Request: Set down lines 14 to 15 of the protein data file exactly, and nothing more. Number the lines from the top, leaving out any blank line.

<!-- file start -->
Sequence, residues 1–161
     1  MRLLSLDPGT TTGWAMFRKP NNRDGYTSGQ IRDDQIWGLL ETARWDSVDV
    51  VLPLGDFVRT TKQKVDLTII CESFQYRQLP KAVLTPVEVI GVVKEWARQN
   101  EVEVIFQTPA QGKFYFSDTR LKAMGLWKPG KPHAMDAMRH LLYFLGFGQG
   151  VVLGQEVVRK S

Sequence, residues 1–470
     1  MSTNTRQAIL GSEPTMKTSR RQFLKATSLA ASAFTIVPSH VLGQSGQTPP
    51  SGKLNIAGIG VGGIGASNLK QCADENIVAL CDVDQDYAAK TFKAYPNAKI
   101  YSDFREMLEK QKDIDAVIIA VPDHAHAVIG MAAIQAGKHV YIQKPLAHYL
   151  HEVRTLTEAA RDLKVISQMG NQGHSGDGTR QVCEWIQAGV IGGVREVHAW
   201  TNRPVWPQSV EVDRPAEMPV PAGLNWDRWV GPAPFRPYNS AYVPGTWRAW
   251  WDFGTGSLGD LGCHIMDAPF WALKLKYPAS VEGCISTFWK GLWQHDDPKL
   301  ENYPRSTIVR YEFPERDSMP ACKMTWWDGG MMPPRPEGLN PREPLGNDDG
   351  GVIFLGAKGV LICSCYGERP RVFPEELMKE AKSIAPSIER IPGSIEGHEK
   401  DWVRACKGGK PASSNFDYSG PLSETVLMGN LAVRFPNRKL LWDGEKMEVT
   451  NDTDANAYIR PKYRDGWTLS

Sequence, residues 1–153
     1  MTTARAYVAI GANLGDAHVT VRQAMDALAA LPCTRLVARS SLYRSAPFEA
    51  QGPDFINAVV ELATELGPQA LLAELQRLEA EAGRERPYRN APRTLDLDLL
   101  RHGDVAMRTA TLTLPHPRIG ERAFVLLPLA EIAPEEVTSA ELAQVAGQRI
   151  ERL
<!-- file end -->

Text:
   351  GVIFLGAKGV LICSCYGERP RVFPEELMKE AKSIAPSIER IPGSIEGHEK
   401  DWVRACKGGK PASSNFDYSG PLSETVLMGN LAVRFPNRKL LWDGEKMEVT